Pelican's SnoBalls - Cary

      I bought a Groupon for this place over the summer and decided to use it on the Sunday before the kids went back to school. Although they don't post their prices on the website, judging by the price of the Groupon it's $5 a person per round of 18 holes (they even charged for my two year-old). The mini golf price does not include snow cones.

     The mini-golf course is obviously just a ruse to subject your kids to the heat, increasing their need for flavored ice. As you play through the New Orleans themed holes you get the sense that this course might have been something in its day but now resembles an abandoned theme park. There are no waterfalls or giant concrete animals but you can occasionally glimpse a live frog hopping out of the murky puddle water.

     A small playground structure sits next to the picnic area. The bees are well acquainted with the syrup laden picnic tables so beware.

     Pelican's is hard to find - you can't see it from the road - so turn into the shopping center and then go to the opposite end of the parking lot from the Food Lion.

     If you happen to be in the area and you want close to 100 choices of flavored ice stop by, but if you're going for the mini-golf Frankie's or Adventure Landing are your best bets this side of the Outer Banks.


Neuse River Trail milepost 17 - 15.5 - Raleigh


       Trailhead and parking for this section is at Anderson Point Park near the boat launch, before you drive over the overpass. I chose this entrance to the Trail because it was the closest trailhead to the new Mingo Creek Greenway. I had seen an article on the Town of Knightdale website about a portion of Mingo Creek opening and I wanted to try it out.

          We reached the Mingo Creek Greenway trailhead rather quickly off of the NRT.

And crossed a very impressive bridge over the Neuse.

      There are no mileposts yet on the Mingo Creek Trail, but I would guess about a quarter of a mile from the bridge the asphalt ends and the gravel and mud begins. I just wasn't in the mood to push two kids in the small-wheeled, double stroller through gravel so we headed back to the NRT and kept going.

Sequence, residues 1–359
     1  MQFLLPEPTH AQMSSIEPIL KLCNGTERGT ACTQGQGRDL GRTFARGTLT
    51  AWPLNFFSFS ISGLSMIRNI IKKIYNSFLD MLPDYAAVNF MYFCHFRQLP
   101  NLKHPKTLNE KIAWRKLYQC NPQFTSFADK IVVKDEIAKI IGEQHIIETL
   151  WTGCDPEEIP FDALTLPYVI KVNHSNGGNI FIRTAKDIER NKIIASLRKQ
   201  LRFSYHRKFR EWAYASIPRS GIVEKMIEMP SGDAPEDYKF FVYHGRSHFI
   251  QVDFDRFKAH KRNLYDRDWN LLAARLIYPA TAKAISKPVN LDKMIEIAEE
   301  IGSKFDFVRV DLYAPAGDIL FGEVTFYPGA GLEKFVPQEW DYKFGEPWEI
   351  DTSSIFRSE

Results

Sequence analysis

Where the pavement ends on the Mingo Creek Trail

       Most of this section of the NRT is swampy but shaded. The smell of honeysuckle was thick in the air.

       We ended our hike where New Bern Avenue crosses the Neuse River. A number of monarch butterflies were clustering under the bridge.

       On the way back we interrupted a small turtle trying to cross the Trail.



Neuse River Trail milepost 22 - 24.5 - Auburn Knightdale Rd., Garner


           A beautiful, cool spring Sunday inspired me to head out on the Neuse River Trail once again with all three children and Mama Cruise Director too. A minivan packed with my oldest's scooter, a Big Wheel and enough rations for a picnic had us on our way.

           This trailhead offers a great parking lot off of Auburn Knightdale Rd. The Trail speed limit of 10 mph is helpful on this portion with its' steeper grades (one of the steepest is near the site of the above picture). Private land and a wastewater facility cause the Trail to take its' greatest deviation from it's usual riverside meandering. Farmland is the dominant scenery here. Trailside litter is nonexistent. And although hunting is prohibited near the Trail, if you think you hear gunshots near marker 23 you're right - there's a law enforcement firing range nearby.

          Stopping trailside we had a picnic. And even though he hadn't pedaled or scooted a mile like his brother and sister, my toddler packed in the food until he belched so loud it was hard to believe a sound that deep could come from such a small body.

          The highlight of the trek is the tunnel under Battle Bridge Rd at mile 23.25.

        At mile 24 the Trail crosses Brownfield Rd and then parallels it for another 3/4 mile. The entrance to a landfill is also at this crossing and even though you can't see the landfill itself, you can smell it when you're downwind.